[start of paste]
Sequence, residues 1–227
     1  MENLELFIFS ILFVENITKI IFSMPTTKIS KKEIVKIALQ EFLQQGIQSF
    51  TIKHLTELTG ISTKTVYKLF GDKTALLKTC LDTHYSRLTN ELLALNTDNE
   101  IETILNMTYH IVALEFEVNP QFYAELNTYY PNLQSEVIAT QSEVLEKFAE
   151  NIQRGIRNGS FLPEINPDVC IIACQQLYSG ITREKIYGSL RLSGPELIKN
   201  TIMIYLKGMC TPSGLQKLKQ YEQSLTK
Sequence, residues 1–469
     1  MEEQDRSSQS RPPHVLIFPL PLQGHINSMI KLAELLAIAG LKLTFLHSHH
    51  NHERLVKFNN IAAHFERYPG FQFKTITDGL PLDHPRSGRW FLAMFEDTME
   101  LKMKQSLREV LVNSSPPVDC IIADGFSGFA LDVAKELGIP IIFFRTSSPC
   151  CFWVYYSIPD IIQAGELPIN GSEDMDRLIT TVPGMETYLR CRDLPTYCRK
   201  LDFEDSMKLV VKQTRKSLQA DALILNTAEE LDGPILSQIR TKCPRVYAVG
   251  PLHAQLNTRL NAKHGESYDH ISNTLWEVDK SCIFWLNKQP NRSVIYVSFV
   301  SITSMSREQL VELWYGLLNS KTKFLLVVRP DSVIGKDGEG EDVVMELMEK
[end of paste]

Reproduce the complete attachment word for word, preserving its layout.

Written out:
Sequence, residues 1–227
     1  MENLELFIFS ILFVENITKI IFSMPTTKIS KKEIVKIALQ EFLQQGIQSF
    51  TIKHLTELTG ISTKTVYKLF GDKTALLKTC LDTHYSRLTN ELLALNTDNE
   101  IETILNMTYH IVALEFEVNP QFYAELNTYY PNLQSEVIAT QSEVLEKFAE
   151  NIQRGIRNGS FLPEINPDVC IIACQQLYSG ITREKIYGSL RLSGPELIKN
   201  TIMIYLKGMC TPSGLQKLKQ YEQSLTK
Sequence, residues 1–469
     1  MEEQDRSSQS RPPHVLIFPL PLQGHINSMI KLAELLAIAG LKLTFLHSHH
    51  NHERLVKFNN IAAHFERYPG FQFKTITDGL PLDHPRSGRW FLAMFEDTME
   101  LKMKQSLREV LVNSSPPVDC IIADGFSGFA LDVAKELGIP IIFFRTSSPC
   151  CFWVYYSIPD IIQAGELPIN GSEDMDRLIT TVPGMETYLR CRDLPTYCRK
   201  LDFEDSMKLV VKQTRKSLQA DALILNTAEE LDGPILSQIR TKCPRVYAVG
   251  PLHAQLNTRL NAKHGESYDH ISNTLWEVDK SCIFWLNKQP NRSVIYVSFV
   301  SITSMSREQL VELWYGLLNS KTKFLLVVRP DSVIGKDGEG EDVVMELMEK